Although the WDRR accounting is in cells, the bandwidth sharing is actually byte-accurate. This is accomplished by also keeping track of the actual number of bytes sent using a ResidueCount 315, in
The way the ResidueCount operates is as follows. For every cell's worth of packet being scheduled, i.e., for every 128 bytes for example, the CurrentUseCount may be incremented by 1. If the EP modified length is not equal to a single cell size, then the ResidueCount may be adjusted. The difference between the cell size and the actual EP modified cell length may then be added to the ResidueCount. Depending on the state of the ResidueCount, the CurrentUseCount and the ResidueCount may both be further adjusted. When the ResidueCount is negative, it implies that more was sent than currently accounted for. When the ResidueCount is positive, this implies that less was sent than currently accounted for, as documented in the p-code.
During each round, if either the QM or SC queue becomes non-empty, ES block will suspend round robin scheduling while taking note of where it has left off. Then, the ES block will then service these two queues first and when both of these queues are empty, ES block will resume the round robin scheduling and start from where it had left off. As discussed above, the QM queue has higher priority over the SC queue.
The WDRR scheduler interacts with the minimum bandwidth metering and maximum bandwidth shaping that is available per CoS queue. Min/Max BW mechanisms associated with each CoS queue results in the identification of scheduling groups. These groups are illustrated in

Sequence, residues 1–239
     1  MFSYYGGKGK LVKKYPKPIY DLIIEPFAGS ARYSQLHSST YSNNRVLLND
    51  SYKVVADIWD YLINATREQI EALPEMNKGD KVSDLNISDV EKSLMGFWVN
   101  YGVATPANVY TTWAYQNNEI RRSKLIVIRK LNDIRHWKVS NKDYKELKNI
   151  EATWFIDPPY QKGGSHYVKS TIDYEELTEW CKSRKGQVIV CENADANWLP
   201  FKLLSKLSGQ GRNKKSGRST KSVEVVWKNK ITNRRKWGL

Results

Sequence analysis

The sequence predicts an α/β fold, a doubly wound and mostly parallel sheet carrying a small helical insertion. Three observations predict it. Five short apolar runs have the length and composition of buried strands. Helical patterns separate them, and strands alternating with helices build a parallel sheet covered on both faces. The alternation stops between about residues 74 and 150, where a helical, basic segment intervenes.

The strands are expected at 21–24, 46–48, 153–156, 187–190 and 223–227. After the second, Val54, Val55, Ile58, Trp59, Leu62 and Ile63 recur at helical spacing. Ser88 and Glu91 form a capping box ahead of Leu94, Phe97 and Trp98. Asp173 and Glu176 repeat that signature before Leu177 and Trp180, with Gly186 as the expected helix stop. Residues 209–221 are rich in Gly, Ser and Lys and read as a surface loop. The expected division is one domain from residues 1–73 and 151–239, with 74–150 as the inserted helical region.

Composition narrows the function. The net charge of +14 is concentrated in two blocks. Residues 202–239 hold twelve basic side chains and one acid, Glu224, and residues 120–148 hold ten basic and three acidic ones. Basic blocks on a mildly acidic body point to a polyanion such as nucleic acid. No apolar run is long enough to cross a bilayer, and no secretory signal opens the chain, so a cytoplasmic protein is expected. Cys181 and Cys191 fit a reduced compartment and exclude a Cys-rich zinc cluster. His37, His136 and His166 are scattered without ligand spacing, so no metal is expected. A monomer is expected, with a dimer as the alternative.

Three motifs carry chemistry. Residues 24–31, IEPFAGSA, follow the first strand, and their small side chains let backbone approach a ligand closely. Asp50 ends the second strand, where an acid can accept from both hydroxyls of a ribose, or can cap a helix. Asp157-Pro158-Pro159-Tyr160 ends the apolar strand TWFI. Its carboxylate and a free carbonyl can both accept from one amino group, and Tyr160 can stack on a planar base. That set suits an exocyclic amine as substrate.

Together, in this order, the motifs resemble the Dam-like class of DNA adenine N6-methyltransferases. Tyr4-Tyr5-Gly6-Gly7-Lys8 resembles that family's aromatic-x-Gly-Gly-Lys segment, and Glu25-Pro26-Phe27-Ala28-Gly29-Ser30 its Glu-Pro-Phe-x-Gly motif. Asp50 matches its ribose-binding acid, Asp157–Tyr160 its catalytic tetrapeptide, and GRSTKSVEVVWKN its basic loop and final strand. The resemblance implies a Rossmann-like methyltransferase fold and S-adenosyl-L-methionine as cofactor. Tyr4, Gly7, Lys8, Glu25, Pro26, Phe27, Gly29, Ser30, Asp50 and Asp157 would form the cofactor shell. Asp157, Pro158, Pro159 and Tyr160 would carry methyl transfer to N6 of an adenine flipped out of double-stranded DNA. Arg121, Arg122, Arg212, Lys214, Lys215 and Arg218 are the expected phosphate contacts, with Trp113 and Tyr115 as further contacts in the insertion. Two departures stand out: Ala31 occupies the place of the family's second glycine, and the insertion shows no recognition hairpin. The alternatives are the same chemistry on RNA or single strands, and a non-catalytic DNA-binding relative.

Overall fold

Within the MinBW Group 410, there exist two subgroups, the Strict Priority group 412 and the Round Robin group 414. Within the ExcessBW Group 420, there exist two subgroups, the Strict Priority group 422 and the Non-Strict Priority Group. 426 The servicing order of these groups is also shown in
Next, the set of queues that have not yet had their minimum BW requirement satisfied are serviced (MinBW group, 410). First, the Strict Priority subgroup 412 is serviced in SP order according to their CoS queue number (higher the CoS queue number, the higher the priority). Secondly, the RoundRobin subgroup 414 is serviced when the Strict Priority subgroup is empty. These CoS queues are serviced in packet round robin order. There exists a per-CoS queue register that is used to indicate how to treat this queue in terms of the two subgroups (Q_SP_Min_Group) within the MinBW group 410. If this register is ‘1’, then the CoS queue is serviced in the StrictPriority subgroup in this MinBW group. Otherwise, the CoS queue is serviced in the Round Robin subgroup. Next, the ExcessBW group 420 is serviced. First, the Strict Priority subgroup 422 is serviced. Next the non-Strict Priority subgroup 426 is serviced according to the scheduler mode. In this section, this mode is assumed to be WDRR. Membership between these two subgroups of the ExcessBW group 420 is determined by the value of the WDRR weight. If a queue's weight register is programmed as 0, this queue will be treated as a member of the Strict Priority subgroup and will not participate in WDRR selection.